Whole-Body Apoptosis and the Meanings of Lives

Daniel C. Dennett, Austin B. Fletcher Professor of Philosophy, Tufts University

When, if ever, should we intentionally shorten our lives? Programming our own deaths is not a subject many people seem to have thought much about. But think about it we must. For biotechnologies continue to advance, our psychological identities continue to depend on our being embodied, and more and more of us spend our last days in debilitated confused states. Were we to find a means of safely and effectively cutting short the suffering and frustration of older and older age, wouldn’t it be unethical not to use it?

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Loaves, Fishes, and the Human Side of Ecosystems

Les Kaufman

Professor Les Kaufman

Slow news days send hungry journalists back to the old springheads of mystery and metamorphosis: dark matter, how the brain really works, human cyborgs, life on other worlds. The nature of humanity’s relationship with Nature — the oldest campfire subject on the books, and kissing cousin to the meaning of life —

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The Meat Eaters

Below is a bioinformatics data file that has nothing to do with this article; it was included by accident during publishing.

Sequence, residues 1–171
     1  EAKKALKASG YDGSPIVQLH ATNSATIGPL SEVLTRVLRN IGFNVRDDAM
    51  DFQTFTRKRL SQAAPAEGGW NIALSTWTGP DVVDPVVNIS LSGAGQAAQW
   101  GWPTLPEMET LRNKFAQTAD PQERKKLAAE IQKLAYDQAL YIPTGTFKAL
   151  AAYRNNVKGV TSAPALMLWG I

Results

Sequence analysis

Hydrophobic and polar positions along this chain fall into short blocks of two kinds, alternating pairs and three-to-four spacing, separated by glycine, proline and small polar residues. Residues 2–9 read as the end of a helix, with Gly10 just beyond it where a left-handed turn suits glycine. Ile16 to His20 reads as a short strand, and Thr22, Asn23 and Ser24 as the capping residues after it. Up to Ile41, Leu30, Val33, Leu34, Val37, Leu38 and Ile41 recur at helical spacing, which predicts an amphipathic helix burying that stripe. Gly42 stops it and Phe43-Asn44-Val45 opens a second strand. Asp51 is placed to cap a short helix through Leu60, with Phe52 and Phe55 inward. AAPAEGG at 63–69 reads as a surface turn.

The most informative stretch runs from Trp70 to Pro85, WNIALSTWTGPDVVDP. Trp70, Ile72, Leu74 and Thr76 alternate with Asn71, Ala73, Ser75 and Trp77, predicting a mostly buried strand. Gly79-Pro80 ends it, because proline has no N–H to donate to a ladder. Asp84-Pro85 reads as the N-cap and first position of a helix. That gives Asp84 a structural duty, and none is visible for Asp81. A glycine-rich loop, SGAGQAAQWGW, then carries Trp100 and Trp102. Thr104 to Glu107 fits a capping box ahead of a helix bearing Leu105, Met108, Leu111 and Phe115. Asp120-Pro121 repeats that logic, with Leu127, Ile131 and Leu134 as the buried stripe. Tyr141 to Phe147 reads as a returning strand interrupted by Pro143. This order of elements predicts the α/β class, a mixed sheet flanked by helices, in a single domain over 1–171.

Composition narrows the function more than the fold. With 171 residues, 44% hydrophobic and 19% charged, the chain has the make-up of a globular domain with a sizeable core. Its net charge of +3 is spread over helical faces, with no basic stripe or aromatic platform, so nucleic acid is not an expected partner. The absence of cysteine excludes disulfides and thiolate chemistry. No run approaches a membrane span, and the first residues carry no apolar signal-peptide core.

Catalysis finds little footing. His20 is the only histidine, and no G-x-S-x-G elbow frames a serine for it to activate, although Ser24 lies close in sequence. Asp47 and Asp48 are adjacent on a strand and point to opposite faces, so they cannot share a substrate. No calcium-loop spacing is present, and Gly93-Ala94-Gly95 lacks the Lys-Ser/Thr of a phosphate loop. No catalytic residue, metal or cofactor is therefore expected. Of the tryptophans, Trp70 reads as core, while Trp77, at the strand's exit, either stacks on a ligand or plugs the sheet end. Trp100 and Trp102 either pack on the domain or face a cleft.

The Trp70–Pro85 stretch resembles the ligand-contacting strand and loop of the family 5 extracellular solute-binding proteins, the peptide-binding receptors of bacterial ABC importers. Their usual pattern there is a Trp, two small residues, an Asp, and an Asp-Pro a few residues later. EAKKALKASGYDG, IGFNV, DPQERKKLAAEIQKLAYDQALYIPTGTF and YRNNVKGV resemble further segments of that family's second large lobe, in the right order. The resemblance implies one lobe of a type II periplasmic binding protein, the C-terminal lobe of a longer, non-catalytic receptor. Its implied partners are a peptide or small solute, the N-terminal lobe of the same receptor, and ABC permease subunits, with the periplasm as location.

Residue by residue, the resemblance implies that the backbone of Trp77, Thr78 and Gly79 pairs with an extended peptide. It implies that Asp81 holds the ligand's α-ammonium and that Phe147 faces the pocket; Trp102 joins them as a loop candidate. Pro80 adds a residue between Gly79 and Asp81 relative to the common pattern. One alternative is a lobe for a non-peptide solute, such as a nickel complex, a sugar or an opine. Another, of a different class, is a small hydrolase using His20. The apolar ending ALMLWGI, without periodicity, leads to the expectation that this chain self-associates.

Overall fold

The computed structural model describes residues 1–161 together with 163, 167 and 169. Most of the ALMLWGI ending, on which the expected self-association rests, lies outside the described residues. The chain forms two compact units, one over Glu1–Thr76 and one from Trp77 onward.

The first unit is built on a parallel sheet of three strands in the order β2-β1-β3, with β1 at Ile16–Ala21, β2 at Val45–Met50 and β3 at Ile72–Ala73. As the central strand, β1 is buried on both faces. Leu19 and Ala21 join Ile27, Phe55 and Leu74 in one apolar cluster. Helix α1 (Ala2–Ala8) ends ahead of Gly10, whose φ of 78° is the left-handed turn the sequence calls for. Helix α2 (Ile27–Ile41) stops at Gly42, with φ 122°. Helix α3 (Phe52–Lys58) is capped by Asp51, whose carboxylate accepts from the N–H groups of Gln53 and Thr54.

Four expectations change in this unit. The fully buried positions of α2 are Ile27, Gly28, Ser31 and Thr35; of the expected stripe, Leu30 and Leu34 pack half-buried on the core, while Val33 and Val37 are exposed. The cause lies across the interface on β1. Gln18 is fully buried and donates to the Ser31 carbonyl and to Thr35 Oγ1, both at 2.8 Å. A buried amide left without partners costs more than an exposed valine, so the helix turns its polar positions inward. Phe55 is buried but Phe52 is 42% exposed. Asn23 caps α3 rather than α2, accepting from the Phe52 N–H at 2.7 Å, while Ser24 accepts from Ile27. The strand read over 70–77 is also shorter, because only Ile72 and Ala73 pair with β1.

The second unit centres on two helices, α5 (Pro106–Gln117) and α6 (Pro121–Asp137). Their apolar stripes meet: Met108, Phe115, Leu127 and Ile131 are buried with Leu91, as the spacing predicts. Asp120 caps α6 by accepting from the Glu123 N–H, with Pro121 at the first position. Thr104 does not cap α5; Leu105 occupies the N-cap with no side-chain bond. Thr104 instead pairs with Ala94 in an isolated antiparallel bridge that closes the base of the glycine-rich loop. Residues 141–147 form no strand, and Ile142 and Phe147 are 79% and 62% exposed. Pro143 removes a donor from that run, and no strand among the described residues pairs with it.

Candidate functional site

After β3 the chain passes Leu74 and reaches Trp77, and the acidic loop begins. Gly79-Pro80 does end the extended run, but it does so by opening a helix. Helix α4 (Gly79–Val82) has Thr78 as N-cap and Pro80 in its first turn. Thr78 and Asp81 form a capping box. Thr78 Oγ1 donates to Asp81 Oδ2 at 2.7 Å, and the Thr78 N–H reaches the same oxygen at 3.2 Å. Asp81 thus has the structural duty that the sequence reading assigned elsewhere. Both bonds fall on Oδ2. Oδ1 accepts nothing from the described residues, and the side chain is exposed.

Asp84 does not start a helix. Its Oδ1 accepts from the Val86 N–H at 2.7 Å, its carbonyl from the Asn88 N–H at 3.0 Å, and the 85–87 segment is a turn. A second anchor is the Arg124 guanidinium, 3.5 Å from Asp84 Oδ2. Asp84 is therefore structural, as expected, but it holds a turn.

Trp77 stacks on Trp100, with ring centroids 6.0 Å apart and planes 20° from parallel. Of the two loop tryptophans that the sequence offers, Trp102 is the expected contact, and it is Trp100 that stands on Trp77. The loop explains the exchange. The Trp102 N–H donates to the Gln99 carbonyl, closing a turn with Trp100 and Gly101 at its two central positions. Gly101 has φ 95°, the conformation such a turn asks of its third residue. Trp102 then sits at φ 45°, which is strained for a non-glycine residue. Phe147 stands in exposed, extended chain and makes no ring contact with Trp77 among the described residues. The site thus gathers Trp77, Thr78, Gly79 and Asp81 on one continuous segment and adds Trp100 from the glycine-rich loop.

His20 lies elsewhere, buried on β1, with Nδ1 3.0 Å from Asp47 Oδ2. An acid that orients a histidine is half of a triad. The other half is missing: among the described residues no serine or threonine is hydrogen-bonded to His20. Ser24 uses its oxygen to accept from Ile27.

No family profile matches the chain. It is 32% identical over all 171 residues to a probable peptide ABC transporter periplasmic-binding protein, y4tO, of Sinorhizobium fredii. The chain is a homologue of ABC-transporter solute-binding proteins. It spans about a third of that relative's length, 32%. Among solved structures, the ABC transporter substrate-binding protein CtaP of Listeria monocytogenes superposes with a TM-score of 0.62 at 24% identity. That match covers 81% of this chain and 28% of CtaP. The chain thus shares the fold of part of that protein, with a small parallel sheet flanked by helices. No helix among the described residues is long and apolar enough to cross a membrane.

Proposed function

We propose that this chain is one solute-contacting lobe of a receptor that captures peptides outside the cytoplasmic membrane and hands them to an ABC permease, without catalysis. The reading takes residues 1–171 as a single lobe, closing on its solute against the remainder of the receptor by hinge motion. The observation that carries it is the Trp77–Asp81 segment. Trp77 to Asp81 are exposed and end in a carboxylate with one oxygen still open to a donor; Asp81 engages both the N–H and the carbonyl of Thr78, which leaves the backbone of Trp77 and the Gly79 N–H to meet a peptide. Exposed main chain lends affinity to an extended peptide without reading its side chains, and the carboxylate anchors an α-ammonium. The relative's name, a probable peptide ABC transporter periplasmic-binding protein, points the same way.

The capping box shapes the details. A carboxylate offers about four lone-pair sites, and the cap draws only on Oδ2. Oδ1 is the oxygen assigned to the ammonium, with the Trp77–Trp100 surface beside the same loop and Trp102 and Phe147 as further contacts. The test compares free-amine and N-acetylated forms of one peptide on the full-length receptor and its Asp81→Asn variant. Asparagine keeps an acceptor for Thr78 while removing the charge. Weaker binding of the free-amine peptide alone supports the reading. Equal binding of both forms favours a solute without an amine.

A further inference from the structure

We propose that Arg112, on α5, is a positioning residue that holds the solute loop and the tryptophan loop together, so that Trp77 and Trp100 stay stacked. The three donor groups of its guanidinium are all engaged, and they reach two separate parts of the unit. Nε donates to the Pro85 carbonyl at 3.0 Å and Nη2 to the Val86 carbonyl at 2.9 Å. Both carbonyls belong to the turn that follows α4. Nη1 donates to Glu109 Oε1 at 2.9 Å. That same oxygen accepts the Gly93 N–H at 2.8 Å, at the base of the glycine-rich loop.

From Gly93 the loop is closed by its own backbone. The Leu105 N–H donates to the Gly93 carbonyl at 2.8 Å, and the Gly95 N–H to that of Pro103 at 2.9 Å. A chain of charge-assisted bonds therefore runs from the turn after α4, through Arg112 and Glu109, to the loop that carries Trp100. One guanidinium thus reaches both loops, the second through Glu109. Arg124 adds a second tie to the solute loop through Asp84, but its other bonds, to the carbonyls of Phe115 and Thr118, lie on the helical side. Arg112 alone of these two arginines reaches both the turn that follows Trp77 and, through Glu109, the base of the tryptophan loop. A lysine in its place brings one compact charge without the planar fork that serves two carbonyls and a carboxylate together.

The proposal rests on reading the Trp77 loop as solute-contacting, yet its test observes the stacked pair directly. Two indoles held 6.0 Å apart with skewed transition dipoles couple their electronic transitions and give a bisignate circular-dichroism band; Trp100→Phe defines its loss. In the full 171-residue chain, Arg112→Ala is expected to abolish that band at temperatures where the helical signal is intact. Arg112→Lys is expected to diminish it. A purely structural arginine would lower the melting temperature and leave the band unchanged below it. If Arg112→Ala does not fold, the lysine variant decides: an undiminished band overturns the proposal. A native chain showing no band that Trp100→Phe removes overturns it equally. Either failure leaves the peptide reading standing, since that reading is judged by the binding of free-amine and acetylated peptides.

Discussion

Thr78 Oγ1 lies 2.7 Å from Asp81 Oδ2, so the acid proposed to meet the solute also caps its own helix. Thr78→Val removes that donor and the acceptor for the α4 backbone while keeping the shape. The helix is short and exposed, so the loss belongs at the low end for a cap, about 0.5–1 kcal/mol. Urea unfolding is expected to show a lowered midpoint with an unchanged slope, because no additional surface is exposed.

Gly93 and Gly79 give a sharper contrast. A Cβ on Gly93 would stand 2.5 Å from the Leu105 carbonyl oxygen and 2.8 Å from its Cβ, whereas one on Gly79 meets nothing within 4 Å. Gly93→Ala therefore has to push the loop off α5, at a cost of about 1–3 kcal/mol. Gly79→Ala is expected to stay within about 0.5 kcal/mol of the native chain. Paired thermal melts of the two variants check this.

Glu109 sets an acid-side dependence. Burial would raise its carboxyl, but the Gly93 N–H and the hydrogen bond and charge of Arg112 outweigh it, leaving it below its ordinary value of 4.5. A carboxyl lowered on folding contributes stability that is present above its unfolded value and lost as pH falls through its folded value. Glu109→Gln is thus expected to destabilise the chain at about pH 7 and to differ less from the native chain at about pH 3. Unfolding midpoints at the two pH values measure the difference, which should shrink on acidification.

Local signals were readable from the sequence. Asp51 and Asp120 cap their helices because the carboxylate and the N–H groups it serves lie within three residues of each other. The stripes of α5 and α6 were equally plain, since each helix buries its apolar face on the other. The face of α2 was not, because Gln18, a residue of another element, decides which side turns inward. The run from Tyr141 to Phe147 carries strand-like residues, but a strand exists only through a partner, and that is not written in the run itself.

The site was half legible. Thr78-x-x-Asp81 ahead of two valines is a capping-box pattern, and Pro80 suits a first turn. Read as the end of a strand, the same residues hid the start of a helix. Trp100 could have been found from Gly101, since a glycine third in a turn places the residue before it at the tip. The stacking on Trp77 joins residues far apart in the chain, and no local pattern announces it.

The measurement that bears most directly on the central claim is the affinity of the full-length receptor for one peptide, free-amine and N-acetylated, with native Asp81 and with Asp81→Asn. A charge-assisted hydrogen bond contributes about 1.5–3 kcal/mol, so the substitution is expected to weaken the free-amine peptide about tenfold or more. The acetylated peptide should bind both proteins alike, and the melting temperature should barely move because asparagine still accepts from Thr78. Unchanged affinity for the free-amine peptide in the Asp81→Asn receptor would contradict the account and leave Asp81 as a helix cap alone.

Would the controlled extinction of carnivorous species be a good thing?

Viewed from a distance, the natural world often presents a vista of sublime, majestic placidity. Yet beneath the foliage and hidden from the distant eye, a vast, unceasing slaughter rages. Wherever there is animal life, predators are stalking, chasing, capturing, killing, and devouring their

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Participants and Spectators

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There remains great controversy in philosophy over the issue of how we should make sense of what people do, of their actions, as opposed to explaining what happens to them. Some philosophers believe that if the question is: what distinguishes naturally occurring events like bodily movements in space from metaphysically distinct purposive doings initiated

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Moral Skepticism and Moral Disagreement: Developing an Argument from Nietzsche

By “moral skepticism,” I shall mean the view that there are no objective moral ‘facts’ or ‘truths.’ Moral skeptics from Friedrich Nietzsche to Charles Stevenson to John Mackie have appealed to the purported fact of widespread and intractable moral disagreement to support the skeptical conclusion. Typically, such arguments invoke anthropological reports about the moral views

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Narrative and Personal Good

It is now something of a commonplace that we think about our lives in story form.[1] According to a recent article in the New York Times, psychological research into the personal narratives we tell supports the idea that we are natural storytellers. [2] “The human brain,” the article reports, “has a natural affinity for narrative

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